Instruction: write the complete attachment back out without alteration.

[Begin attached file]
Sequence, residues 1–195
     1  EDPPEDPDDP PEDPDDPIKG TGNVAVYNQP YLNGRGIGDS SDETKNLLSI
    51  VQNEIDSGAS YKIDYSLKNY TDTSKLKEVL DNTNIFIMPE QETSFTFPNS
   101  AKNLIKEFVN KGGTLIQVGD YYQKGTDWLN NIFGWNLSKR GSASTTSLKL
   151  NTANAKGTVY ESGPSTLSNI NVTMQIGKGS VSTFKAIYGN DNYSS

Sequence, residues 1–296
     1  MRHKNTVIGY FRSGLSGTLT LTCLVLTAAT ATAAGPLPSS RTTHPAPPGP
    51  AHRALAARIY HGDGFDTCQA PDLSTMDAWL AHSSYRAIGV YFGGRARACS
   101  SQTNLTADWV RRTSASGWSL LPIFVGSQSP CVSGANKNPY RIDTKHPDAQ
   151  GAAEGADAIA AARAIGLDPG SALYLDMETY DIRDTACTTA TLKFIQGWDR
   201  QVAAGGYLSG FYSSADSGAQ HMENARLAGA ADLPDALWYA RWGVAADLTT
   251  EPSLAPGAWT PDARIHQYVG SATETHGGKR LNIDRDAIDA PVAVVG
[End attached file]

Sequence, residues 1–195
     1  EDPPEDPDDP PEDPDDPIKG TGNVAVYNQP YLNGRGIGDS SDETKNLLSI
    51  VQNEIDSGAS YKIDYSLKNY TDTSKLKEVL DNTNIFIMPE QETSFTFPNS
   101  AKNLIKEFVN KGGTLIQVGD YYQKGTDWLN NIFGWNLSKR GSASTTSLKL
   151  NTANAKGTVY ESGPSTLSNI NVTMQIGKGS VSTFKAIYGN DNYSS

Sequence, residues 1–296
     1  MRHKNTVIGY FRSGLSGTLT LTCLVLTAAT ATAAGPLPSS RTTHPAPPGP
    51  AHRALAARIY HGDGFDTCQA PDLSTMDAWL AHSSYRAIGV YFGGRARACS
   101  SQTNLTADWV RRTSASGWSL LPIFVGSQSP CVSGANKNPY RIDTKHPDAQ
   151  GAAEGADAIA AARAIGLDPG SALYLDMETY DIRDTACTTA TLKFIQGWDR
   201  QVAAGGYLSG FYSSADSGAQ HMENARLAGA ADLPDALWYA RWGVAADLTT
   251  EPSLAPGAWT PDARIHQYVG SATETHGGKR LNIDRDAIDA PVAVVG